Additional comments on the 2010 reissue.
It was great news that Apple decided to reissue their four Badfinger albums and give them a remastering. The first CD release of "Straight Up" dates back to 1993, and although the sound on the old release was great, this is a clear improvement.
The number of bonus tracks is the same, but it must be noted that four of them are different. These come from the originally unreleased Geoff Emerick produced follow-up album to "No Dice" from late 1970. This album has never been released in its entirety. But with the previously unreleased bonus-track on this release, along with the digital download only version of "Sweet Tuesday Morning" it is now possible to compile your own version of that album. A great sham that the album was never released, as it would really have been a great album, that might have secured Badfinger even more recognition.
The long period between the releases of "No Dice" and "Straight Up" did not help the band sustain their popularity, so when the group finally did release "Straight Up" around new year 1972, they more or less had to start over again. They did manage to return to the charts with the two great singles from "Straight Up", "Day After Day" and "Baby Blue", but bad management meant that their succes more or less ended there; but that's another story.
Actually among the bonus-tracks you'll find two great singles that never were. Both were stronly considered; "Name of the Game" even was given catalog number in both the U.K. and in the U.S. ( Apple 35 / Apple 1833 ). "Name of the Game" is one of Pete Ham's very best songs, which really deserves recognition as a classic. "I'll Be the One" wasn't even released until 1993, which is just as sad, as it's an extremely cacthy song that captures the folky trends of the time, and has a feel very much like that of early Lindisfarne.
Three of the bonus-track are released here for the first time ever. They're all great additions to the Badfinger song catalog, and deserve a few comments each.
The legendary unreleased Pete Ham song "Baby Please" is actually a group composition, but clearly with Pete Ham in the lead. Pete sings this great boogie-rocker and also delivers some great lead-guitar. A song worthy of Status Qou.
Tom Evans' "No Good at All" is a straight forward blues-rocker, with great vocals from Tom and some great slide guitar from Pete Ham.
"Sing for the Song", also written by Tom Evans", is probably the strongest composition of the three. Unbelieveable that it wasn't released at the time. Apple really did a bad job there, missing potential hit-songs and shelving first class material. "Sing for the Song" is a Beatles-influenced, very much in the vein of the "Magical Mystery Tour" approach. Note that this time Pete Ham excels at the piano. By the way the track-listing of the unreleased 1971 album is supposed to have been like this:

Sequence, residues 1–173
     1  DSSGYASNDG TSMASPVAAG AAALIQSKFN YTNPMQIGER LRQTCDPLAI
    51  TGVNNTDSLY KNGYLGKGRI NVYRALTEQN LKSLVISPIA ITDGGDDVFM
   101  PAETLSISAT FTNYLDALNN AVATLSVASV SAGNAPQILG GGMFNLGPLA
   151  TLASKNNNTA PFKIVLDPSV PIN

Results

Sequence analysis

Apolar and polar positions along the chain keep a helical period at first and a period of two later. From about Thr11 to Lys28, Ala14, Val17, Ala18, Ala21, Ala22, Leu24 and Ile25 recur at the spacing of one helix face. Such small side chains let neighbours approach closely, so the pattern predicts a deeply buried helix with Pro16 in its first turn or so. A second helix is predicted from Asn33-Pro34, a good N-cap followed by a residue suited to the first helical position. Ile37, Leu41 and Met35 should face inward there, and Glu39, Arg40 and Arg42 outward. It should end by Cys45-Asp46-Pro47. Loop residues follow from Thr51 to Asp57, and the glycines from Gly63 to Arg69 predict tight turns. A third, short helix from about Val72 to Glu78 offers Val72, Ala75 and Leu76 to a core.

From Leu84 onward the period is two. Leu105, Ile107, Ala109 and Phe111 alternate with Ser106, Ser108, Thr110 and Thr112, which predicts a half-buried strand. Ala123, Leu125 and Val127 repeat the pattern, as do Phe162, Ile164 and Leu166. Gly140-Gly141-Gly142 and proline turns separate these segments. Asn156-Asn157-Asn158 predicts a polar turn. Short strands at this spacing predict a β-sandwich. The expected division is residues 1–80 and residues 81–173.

Side One: Suitcase ( Molland) / I'll Be the One (Badfinger) / No Good at All (Evans) / Sweet Tuesday Morning (Molland) / Baby Please ( Ham/Gibbins/Molland) / Mean, Mean Jemima (Molland) Side Two: Name of the Game (Ham) / Loving You (Gibbins) / / Money (Evans) / Flying (Evans/Molland) / Sing for the Song (Evans) / Perfection (Ham) - An album that really deserve an official release in its entirety.
There are fine and informative liner notes written by Andy Davis. A strongly recommended release.
By the end of 1971 Badfinger had actually recorded two albums since the release of "No Dice". The first remains unreleased to this date!. The second was released in February 1972 ( a bit earlier in the USA ), and was titled "Straight Up". Apple did not like the sound of the original album - they wanted a more polished sound. The rejected album had been produced by Geoff Emerick, and in spring 1971 George Harrison expressed wish to produce the band. Of course this was an offer that could not be rejected. George finished 4 tracks before he had to pull out to work on the Bangla Desh concert . To finish the album Todd Rundgren was recruited. Rundgren went through the recordings done with Emerick and Harrison and did some remixing on some of the tracks. Furthermore 7 new recordings were done for the album, which ended up to be Badfinger's most "produced" album - maybe along with "Wish You Were Here" - and it's indisputably among their finest. This album is one of their best loved, and it ranks among the greatest albums to come out of the seventies.
Pete Ham is the main contributor of songs to the album. His 5 songs on the album are all among his greatest. The two hits, "Day After Day" and "Baby Blue" are well-known ,and "Take it All", "Name of The Game" and "Perfection" are all stand out tracks. Tom Evans wrote "Money" and "It's Over" - the latter considered by many to be one of his greatest with Badfinger. Molland wrote the acoustic ballad "Sweet Tuesday Morning" "I'd Die Babe" ( an optimistic country styled George Harrison production ) and the two rockers "Suitcase" and "Sometimes" - both became part of Badfinger's standard concert repertoire. The album is very well produced by Rundgren/Harrison - a bit overproduced at times, some might say. The bonus-tracks are all excellent - Name of The Game and Perfection even better than the album-versions.
My favourites: Take it All, Baby Blue, Name of The Game (both versions), Day After Day, Perfection and It's Over